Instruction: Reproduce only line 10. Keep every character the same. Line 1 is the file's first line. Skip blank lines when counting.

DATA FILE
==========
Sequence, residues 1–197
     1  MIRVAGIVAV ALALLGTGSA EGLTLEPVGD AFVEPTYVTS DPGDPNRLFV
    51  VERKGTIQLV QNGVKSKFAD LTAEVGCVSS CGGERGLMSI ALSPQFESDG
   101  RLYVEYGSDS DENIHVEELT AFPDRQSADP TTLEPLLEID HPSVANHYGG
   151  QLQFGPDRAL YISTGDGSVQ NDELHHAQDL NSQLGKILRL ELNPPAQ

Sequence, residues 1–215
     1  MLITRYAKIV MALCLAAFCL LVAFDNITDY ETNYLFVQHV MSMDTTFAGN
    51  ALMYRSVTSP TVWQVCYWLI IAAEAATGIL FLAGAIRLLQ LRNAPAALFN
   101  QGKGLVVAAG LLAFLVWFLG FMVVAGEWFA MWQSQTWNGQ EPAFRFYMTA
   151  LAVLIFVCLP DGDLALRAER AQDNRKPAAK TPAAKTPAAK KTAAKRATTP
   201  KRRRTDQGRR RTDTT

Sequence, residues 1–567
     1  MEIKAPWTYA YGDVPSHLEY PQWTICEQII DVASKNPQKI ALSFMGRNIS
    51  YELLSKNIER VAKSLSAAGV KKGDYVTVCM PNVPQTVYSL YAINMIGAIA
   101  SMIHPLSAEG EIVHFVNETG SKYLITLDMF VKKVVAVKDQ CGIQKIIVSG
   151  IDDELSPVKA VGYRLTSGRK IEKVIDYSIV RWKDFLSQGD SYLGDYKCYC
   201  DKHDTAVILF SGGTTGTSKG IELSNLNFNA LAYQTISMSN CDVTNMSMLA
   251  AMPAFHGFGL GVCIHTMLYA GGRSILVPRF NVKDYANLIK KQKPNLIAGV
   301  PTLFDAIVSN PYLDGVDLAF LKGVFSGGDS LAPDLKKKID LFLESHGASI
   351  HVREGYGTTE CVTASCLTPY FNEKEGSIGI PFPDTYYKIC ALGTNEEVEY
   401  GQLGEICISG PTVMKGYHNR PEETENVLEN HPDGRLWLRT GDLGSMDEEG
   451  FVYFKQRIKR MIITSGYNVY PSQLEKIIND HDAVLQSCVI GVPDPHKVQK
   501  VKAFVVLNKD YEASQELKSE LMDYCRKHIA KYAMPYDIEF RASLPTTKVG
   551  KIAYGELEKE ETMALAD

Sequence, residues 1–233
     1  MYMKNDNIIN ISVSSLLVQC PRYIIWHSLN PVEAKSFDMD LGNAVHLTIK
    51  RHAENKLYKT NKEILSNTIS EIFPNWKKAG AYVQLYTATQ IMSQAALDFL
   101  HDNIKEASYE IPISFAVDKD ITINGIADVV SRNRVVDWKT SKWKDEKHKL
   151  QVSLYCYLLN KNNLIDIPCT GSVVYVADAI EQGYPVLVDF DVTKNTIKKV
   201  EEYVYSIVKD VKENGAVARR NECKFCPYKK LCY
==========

   151  LAVLIFVCLP DGDLALRAER AQDNRKPAAK TPAAKTPAAK KTAAKRATTP